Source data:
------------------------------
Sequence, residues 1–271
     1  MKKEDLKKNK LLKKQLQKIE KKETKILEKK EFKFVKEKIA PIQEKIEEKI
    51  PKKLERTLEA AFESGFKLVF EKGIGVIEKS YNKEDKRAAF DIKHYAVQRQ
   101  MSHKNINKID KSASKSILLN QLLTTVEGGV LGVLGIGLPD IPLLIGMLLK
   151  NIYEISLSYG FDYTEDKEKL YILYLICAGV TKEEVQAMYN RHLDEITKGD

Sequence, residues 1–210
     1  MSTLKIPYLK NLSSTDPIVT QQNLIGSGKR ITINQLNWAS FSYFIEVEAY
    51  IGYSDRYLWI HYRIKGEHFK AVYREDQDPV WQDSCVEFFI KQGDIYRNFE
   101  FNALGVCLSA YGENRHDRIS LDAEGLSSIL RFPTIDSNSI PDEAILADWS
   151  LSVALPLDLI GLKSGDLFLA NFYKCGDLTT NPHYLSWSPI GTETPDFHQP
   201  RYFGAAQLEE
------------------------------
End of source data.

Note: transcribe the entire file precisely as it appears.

Sequence, residues 1–271
     1  MKKEDLKKNK LLKKQLQKIE KKETKILEKK EFKFVKEKIA PIQEKIEEKI
    51  PKKLERTLEA AFESGFKLVF EKGIGVIEKS YNKEDKRAAF DIKHYAVQRQ
   101  MSHKNINKID KSASKSILLN QLLTTVEGGV LGVLGIGLPD IPLLIGMLLK
   151  NIYEISLSYG FDYTEDKEKL YILYLICAGV TKEEVQAMYN RHLDEITKGD

Sequence, residues 1–210
     1  MSTLKIPYLK NLSSTDPIVT QQNLIGSGKR ITINQLNWAS FSYFIEVEAY
    51  IGYSDRYLWI HYRIKGEHFK AVYREDQDPV WQDSCVEFFI KQGDIYRNFE
   101  FNALGVCLSA YGENRHDRIS LDAEGLSSIL RFPTIDSNSI PDEAILADWS
   151  LSVALPLDLI GLKSGDLFLA NFYKCGDLTT NPHYLSWSPI GTETPDFHQP
   201  RYFGAAQLEE